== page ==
LAW & ETHICS
I have a hunger for telling the truth, but with that comes a daily responsibility to portray it both lawfully and ethically. When I look back at my high school journalism career, I realize that I've been dealing with law and ethics every day, without even thinking about it.
On this page, you'll find more about our editorial policy and examples of how I've handled different legal and ethical situations throughout my time on The Booster Redux staff.
At The Booster Redux, we abide by the SPJ Code of Ethics and the editorial policy below. Last year, I created a page on our website solely for the policy so that readers on all of our platforms could be reminded of our publication's legal and ethical guidelines. Click on the image to view it on our site.
As published in the December 2018 issue of The Booster Redux
ABOUT: For this story, our staff photographers really wanted to take a photo of a student JUULing, with a cloud of smoke in front of him or her. However, at the time, we had two new district administrators, and I worried about their potential reaction to such a graphic image in a student newspaper they weren't familiar with. I also didn't want it to seem as if we were glorifying JUULing. After talking it over with my adviser, I decided we needed to focus more on the parts of the JUUL itself and how concealed it was rather than the action of using it. Instead of running it front page, we featured it as a double truck. This way, we still covered it immensely, but didn't sensationalize it.
Below is the packaged story.
Because JUULing is against school rules, all of our student sources requested to be anonymous. We respected their privacy and understood they would face suspension if their identity got out, so we gave them anonymity. At the beginning of the story, we included an editor's note describing the reasoning for our decision, which you can view below.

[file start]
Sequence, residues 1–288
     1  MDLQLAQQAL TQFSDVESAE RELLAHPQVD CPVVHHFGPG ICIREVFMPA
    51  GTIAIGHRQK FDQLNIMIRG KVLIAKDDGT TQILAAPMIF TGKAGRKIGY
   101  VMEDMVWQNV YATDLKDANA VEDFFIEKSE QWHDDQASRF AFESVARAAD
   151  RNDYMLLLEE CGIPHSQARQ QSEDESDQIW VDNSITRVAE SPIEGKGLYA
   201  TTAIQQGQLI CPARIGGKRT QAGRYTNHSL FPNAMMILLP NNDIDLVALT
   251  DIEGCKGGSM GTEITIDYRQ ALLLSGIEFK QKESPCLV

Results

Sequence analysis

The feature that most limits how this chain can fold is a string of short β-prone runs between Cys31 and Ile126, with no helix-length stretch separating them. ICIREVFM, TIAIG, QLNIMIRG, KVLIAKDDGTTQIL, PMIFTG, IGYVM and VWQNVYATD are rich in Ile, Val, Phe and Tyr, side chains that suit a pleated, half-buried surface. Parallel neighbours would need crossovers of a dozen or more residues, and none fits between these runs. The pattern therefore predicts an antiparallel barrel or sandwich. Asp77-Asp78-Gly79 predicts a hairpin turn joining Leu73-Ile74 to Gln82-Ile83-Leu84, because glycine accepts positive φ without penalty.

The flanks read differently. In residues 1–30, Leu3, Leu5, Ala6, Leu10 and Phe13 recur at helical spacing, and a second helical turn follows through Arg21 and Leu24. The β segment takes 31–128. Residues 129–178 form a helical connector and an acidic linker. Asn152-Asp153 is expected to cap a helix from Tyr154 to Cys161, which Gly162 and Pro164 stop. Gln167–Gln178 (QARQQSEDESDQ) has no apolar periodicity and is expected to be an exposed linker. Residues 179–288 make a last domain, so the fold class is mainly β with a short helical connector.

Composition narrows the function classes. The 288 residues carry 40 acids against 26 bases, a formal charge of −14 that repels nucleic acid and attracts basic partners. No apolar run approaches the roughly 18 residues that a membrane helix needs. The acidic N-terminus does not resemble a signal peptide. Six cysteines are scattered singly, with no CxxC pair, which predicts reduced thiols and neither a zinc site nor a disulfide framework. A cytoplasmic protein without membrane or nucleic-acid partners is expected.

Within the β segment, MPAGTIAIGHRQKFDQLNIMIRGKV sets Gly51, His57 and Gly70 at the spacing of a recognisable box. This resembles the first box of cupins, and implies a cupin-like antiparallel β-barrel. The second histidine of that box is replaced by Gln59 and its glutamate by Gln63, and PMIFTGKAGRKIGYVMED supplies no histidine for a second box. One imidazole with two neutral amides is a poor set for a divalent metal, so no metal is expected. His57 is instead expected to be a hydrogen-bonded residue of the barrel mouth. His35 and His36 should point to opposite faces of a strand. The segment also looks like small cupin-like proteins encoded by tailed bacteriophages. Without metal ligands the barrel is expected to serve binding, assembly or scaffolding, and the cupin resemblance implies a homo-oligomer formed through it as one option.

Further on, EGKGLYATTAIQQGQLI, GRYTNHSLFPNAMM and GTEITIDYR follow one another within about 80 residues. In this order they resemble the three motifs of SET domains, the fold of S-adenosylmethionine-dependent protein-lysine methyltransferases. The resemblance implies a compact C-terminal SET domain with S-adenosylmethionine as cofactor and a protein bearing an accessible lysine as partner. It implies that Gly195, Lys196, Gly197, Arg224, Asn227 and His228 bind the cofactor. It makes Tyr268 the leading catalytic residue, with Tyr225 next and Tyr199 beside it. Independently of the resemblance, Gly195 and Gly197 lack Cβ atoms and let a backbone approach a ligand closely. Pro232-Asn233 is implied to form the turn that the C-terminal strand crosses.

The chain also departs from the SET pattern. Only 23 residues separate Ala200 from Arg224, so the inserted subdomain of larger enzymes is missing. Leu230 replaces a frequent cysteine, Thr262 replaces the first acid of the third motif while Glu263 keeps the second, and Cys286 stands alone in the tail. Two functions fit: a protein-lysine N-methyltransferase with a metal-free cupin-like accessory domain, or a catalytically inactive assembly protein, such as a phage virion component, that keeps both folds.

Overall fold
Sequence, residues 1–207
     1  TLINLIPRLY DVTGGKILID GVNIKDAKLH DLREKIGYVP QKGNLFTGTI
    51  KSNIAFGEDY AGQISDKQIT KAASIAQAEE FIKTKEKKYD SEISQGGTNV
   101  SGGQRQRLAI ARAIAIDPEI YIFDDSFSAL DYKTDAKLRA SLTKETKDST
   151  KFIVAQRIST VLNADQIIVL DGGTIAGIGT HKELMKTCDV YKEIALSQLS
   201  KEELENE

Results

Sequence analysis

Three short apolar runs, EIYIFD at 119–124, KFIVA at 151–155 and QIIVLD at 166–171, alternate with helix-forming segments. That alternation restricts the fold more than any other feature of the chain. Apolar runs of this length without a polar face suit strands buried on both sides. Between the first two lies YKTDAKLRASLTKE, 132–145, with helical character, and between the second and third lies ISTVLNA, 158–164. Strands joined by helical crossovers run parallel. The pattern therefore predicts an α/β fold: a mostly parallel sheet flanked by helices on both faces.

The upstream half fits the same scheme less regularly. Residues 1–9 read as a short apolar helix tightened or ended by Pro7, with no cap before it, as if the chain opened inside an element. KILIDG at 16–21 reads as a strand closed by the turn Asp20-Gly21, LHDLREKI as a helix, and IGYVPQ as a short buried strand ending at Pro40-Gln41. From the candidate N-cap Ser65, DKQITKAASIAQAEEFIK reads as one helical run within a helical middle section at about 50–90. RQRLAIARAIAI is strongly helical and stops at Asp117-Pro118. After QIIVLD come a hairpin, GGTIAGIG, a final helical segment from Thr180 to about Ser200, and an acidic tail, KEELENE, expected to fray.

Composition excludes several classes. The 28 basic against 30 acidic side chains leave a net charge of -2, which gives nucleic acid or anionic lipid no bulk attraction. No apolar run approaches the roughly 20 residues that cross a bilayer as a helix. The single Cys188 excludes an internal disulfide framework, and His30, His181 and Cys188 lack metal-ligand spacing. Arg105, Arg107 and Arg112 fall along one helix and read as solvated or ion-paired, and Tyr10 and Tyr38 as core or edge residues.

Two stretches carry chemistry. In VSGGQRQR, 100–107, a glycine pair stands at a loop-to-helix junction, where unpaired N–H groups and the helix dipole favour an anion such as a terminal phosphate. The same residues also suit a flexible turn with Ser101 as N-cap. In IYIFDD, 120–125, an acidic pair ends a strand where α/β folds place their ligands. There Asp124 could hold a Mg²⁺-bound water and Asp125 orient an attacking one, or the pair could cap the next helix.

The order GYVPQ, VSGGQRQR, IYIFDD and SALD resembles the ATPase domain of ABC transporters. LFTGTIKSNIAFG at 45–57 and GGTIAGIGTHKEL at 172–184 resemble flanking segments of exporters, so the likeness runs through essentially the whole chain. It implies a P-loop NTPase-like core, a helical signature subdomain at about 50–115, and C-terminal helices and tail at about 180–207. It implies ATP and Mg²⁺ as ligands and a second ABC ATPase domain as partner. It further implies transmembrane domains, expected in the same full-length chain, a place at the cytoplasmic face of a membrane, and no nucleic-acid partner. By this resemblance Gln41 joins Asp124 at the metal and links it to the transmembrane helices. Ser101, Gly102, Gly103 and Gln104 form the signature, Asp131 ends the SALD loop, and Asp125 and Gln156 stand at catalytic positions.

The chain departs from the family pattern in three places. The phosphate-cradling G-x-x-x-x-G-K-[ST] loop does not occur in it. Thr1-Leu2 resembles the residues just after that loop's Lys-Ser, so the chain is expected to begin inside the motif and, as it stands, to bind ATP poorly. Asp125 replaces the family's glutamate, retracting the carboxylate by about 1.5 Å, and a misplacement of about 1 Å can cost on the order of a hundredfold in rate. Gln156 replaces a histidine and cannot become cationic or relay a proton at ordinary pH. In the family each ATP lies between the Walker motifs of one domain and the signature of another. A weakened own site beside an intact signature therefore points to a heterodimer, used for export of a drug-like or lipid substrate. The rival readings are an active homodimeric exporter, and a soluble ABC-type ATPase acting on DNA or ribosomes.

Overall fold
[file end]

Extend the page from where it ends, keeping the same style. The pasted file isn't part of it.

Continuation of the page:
The hardest part of telling this story was finding sources. My co-writer and I didn't know many students who JUULed, but most of our staffers did. Since they already had connections with them, the staffers asked them privately if they could speak with us for our story. In fact, one of my editors introduced us to our primary source. As a result, our student sources felt more comfortable speaking with us about the sensitive topic because their friends had approached them first.
"The road to safety"
As published in the November 2017 issue of The Booster Redux
ABOUT: An accident involving a student pedestrian and student driver on the 40 mph highway beside our school instigated this investigative piece about the safety of the highway beside our school.
To stay balanced, I set out to speak with both students involved — the student pedestrian who was struck, and the student driver who struck him. The pedestrian agreed to an interview, but the driver, who felt really bad about the accident, didn't want to be involved in the story at all. I respected his privacy and told the story from the pedestrian's perspective, using information from the accident reports.
Below is the packaged story.
I also spent a lot of time doing research and sifting through documents for this story. Using my FOIA rights, I obtained access to all of the traffic studies pertaining to Pittsburg High. I also drove down to the city police station and bought a copy of the accident report. After I received all of these documents, I spent multiple days reading and annotating them to find the most relevant information.